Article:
The other night, I attended a volunteer orientation for the Frameline queer film festival. (You get a voucher to see a film for every volunteer shift you take.) There were probably a hundred fellow volunteers, and most of them were men. But when the volunteer coordinator stepped up to address us, I was surprised – because the volunteer coordinator was a woman. A queer woman. As in, asymmetrical haircut, half a shaved head, totally tatted, hip young San Francisco queer woman. And after a few moments of being surprised, I became perplexed, because after all, it is a queer film festival. So why the surprise at the volunteer coordinator being a queer dyke?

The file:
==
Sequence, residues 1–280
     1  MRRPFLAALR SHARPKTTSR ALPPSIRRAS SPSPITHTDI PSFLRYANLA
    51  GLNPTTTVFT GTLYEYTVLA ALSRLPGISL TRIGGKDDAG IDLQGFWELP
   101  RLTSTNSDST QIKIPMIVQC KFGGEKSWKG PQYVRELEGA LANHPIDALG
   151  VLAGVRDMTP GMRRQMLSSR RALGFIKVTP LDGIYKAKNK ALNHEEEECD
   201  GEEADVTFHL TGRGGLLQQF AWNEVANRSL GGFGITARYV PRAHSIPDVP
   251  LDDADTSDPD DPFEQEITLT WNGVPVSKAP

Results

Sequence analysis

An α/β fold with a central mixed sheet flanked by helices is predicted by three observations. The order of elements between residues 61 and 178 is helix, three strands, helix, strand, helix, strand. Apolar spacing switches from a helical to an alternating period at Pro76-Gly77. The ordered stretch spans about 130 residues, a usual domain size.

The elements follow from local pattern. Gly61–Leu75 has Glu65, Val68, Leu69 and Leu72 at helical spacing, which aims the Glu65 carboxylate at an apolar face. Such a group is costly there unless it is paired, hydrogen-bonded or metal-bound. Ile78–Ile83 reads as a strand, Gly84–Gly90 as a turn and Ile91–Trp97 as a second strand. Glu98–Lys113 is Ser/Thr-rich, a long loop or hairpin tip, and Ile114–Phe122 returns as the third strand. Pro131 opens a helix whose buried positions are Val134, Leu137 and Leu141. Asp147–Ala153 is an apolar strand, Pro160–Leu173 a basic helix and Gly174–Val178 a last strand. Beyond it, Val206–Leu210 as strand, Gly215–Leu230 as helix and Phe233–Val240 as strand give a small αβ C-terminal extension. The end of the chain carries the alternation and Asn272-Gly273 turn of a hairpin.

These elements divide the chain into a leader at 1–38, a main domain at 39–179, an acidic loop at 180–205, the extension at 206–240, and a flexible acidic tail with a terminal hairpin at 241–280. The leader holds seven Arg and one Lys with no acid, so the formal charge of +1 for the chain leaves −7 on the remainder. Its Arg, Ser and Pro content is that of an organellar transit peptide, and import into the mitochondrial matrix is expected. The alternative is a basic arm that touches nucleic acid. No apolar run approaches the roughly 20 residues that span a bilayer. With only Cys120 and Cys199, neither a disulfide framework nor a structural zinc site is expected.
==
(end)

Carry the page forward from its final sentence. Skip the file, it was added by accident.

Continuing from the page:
It reminded me of the feeling I got when I first visited my women’s college campus as a junior in high school. Until I visited, I had been pretty vehemently opposed to attending a women’s college. I had thought it would lack diversity (which in retrospect seems laughable). But when I visited, I was suddenly struck – wow, this all exists for the education of women. The male professors and campus police and facilities staff etc., despite being men, were working at an institution that educated women. Women matter! Holy shit! And it dawned on me that it had been so internalized in me that women don’t matter that I was actually surprised and delighted to be confronted with evidence to the contrary.